Secretary Blinken’s Call with Ethiopian Prime Minister Abiy Ahmed

Office of the Spokesperson

The below is attributable to Spokesperson Ned Price:‎

Secretary of State Antony J. Blinken spoke with Ethiopian Prime Minister Abiy Ahmed today to reiterate the United States’ grave concern about the deteriorating humanitarian and human rights crisis in the country, including the growing risk of famine in Ethiopia’s Tigray region as well as ongoing insecurity in other parts of the country.  The Secretary pressed for Ethiopia’s and Eritrea’s commitments to withdraw Eritrean troops from Tigray to be implemented immediately, in full, and in a verifiable manner.  In addition, the Secretary noted that Eritrean forces and Amhara regional forces in Tigray are contributing to the growing humanitarian disaster and committing human rights abuses.  The Secretary also stressed the need for all parties to the conflict to end hostilities immediately.

Secretary Blinken welcomed the joint Ethiopian Human Rights Commission and the UN’s Office of the High Commissioner for Human Rights investigation in Tigray to document human rights abuses and stressed the need for justice and accountability measures to hold those responsible to account.  The Secretary noted his appointment of a Special Envoy for the Horn of Africa and noted that Ambassador Feltman would travel to Ethiopia in the coming days.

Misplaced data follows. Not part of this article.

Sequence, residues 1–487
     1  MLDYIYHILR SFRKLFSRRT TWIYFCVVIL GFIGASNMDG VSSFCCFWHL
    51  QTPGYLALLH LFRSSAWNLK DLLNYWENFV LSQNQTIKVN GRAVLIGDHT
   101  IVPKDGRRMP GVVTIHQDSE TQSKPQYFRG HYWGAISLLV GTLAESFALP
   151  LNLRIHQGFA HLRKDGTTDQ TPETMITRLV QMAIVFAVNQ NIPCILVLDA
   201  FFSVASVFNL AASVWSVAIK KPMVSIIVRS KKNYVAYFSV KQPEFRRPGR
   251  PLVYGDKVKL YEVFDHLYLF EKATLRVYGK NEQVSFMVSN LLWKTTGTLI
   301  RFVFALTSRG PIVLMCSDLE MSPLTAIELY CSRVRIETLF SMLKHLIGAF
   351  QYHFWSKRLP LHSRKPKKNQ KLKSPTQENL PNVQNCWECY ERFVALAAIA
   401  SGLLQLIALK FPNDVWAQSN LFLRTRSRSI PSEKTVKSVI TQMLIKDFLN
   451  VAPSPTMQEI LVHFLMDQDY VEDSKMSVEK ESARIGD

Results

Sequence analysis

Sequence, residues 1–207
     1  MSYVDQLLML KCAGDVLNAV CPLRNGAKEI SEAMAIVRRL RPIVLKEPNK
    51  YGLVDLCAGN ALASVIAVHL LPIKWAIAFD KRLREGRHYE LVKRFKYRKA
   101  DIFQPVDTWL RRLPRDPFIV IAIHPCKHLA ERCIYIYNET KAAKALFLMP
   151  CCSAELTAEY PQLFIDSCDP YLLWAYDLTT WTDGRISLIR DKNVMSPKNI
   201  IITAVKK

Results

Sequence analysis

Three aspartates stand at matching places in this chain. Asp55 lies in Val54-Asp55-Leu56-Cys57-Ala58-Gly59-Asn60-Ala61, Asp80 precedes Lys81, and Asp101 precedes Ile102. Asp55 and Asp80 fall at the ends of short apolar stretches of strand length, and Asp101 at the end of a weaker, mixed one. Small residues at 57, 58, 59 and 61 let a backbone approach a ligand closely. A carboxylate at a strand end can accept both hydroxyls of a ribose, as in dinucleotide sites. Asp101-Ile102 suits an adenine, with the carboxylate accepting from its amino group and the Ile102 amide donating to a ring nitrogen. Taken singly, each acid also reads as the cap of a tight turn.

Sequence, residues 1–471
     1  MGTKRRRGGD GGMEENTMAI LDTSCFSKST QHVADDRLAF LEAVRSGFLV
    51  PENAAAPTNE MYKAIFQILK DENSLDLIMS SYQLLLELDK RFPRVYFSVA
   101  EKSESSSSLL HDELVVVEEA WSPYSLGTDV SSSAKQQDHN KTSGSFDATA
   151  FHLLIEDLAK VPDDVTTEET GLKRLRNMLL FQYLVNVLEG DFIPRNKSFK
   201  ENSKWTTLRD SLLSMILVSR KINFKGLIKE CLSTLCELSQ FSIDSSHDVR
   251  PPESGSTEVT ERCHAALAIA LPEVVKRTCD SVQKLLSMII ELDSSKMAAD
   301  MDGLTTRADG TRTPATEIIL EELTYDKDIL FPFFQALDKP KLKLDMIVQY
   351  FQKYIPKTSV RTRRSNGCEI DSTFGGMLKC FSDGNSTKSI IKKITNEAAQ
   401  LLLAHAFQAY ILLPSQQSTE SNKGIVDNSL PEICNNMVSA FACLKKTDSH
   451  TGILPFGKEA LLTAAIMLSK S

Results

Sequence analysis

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    What GAO Found At its core, information operations (IO) are the integration of information-related capabilities during military operations to influence, disrupt, corrupt, or usurp the decision making of adversaries and potential adversaries while protecting our own. (See figure.) For example, in seeking to facilitate safe and orderly humanitarian assistance, the Department of Defense (DOD) would conduct IO by influencing host nation and regional cooperation through the integration of public affairs activities and military information support operations. Information Operations and Selected Information-Related Capabilities GAO found, in 2019, that DOD had made limited progress in implementing the 2016 DOD IO strategy and faced a number of challenges in overseeing the IO enterprise and integrating its IO capabilities. Specifically: In seeking to implement the strategy, DOD had not developed an implementation plan or an investment framework to identify planning priorities to address IO gaps. DOD has established department-wide IO roles and responsibilities and assigned most oversight responsibilities to the Under Secretary of Defense for Policy. The Under Secretary had exercised some responsibilities, such as establishing an executive steering group. However, the Under Secretary had not fulfilled other IO oversight responsibilities, such as conducting an assessment of needed tasks, workload, and resources. Instead, the Under Secretary delegated these responsibilities to an official whose primary responsibilities are focused on special operations and combatting terrorism. DOD had integrated information-related capabilities in some military operations, but had not conducted a posture review to assess IO challenges. Conducting a comprehensive posture review to fully assess challenges would assist DOD in effectively operating while using information-related capabilities. Why GAO Did This Study U.S. potential adversaries—including near-peer competitors Russia and China—are using information to achieve objectives below the threshold of armed conflict. DOD can use information operations to counter these activities. This testimony summarizes GAO's past work related to DOD's IO capabilities. Specifically, it discusses: (1) DOD's information operation terms and concept, and (2) DOD's actions to implement the 2016 DOD IO strategy and address oversight and integration challenges. This statement is based on GAO's August and October 2019 reports (GAO-19-510C and GAO-20-51SU) and updates conducted in April 2021.
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